We are all aware of the Coronavirus and the growing number of cases in the United States. As we see large organizations and industries responding, we would like to help our clients in a small way as you navigate uncertain times.
We ask you to consider three things:
- Are there immediate risk management steps that you can take to protect your employees, customers, and your business from the impact of the Coronavirus?
- Is there any insurance available to cover financial losses associated with the disruption of normal operations?
- Do you have a disaster recovery plan? If yes, pull it out.
Your near-term plans depend upon the nature of your business, workforce, and how you interact with your clients. We encourage you take steps immediately. Start by reading and sharing readily available information, like the linked CDC article here with your employees.
- The CDC is recommending businesses require sick employees to stay home, to develop sick leave policies that minimize penalties, and to ask employees to inform employers if any of their family members become sick.
- Employees who feel sick should seek medical attention.
- Your industry association may be a great resource.
- If you work directly with clients in your facility (retail, service or hospitality), train your employees on hygiene and insist on it; keep your facility spotless and disinfected; and be aware of concerns from your clients.
- If your clientele is generally over 60, consult public health officials about your best practices.
- If you have a business where your employees can work from home, evaluate if they have access to the supplies, technology, and security needed to operate remotely.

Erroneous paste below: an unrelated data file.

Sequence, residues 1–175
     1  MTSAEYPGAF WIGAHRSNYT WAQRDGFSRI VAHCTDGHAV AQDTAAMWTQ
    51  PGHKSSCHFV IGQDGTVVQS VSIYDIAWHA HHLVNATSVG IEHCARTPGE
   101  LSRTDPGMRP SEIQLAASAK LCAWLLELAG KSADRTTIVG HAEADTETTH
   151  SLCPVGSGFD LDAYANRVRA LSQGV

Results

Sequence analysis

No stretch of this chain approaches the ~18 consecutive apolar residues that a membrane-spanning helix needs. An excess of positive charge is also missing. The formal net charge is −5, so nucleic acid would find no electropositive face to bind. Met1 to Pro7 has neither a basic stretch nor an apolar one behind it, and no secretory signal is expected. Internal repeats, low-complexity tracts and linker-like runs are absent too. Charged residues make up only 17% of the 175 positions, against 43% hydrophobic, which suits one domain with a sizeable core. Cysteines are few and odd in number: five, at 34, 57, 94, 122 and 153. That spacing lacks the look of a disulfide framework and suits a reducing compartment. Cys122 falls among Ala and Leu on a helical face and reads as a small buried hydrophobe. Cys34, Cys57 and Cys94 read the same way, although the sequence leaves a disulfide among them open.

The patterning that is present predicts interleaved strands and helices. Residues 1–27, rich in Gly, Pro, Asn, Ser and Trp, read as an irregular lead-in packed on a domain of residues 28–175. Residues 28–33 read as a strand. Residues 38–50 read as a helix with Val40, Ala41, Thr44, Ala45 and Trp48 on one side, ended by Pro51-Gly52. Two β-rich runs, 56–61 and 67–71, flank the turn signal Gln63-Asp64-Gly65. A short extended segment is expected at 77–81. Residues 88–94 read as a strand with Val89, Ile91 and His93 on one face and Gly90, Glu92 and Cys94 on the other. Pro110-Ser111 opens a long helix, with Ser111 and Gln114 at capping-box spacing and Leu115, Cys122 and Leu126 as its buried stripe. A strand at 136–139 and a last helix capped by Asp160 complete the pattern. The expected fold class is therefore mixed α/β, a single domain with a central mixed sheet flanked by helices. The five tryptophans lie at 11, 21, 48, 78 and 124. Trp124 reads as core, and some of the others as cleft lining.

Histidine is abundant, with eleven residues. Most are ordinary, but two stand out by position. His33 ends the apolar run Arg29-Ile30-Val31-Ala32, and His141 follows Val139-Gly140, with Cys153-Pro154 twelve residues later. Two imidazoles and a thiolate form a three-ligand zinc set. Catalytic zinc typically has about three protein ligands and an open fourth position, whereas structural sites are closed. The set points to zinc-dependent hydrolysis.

- Do you have a communications and information strategy prepared? If not, develop it. This will prepare you if you need to make the decision to have people work from home.
Most businesses carry business interruption insurance as part of their property coverage. It is important to understand how that coverage will respond. When there is direct damage to your real or personal property by a covered peril, such as a fire or windstorm, business interruption insurance would pay for your lost net income and ongoing expenses. Other types of disruptions to the business income, like the impact of society’s reaction to the outbreak of a disease or action by a governmental authority are not covered by business interruption coverage. Naturally, we will look for coverage, but we do not anticipate that the financial impact of this event will be covered by insurance.
Finally, we all hope that this Coronavirus outbreak retreats quickly. The speed with which it has disrupted lives brings about the important conversation of disaster preparedness. There are countless things that can disrupt our workplaces, from natural disasters to illness and to workplace violence. After we steer through this crisis, it may be good to evaluate how effective your disaster recovery plan is. We are eager to help you directly or through other resources to develop or fine-tune your plan. We pray for the health of our community and the rest of the world.
Please call us at (540) 366-7475 if you would like our help on any risk management matter.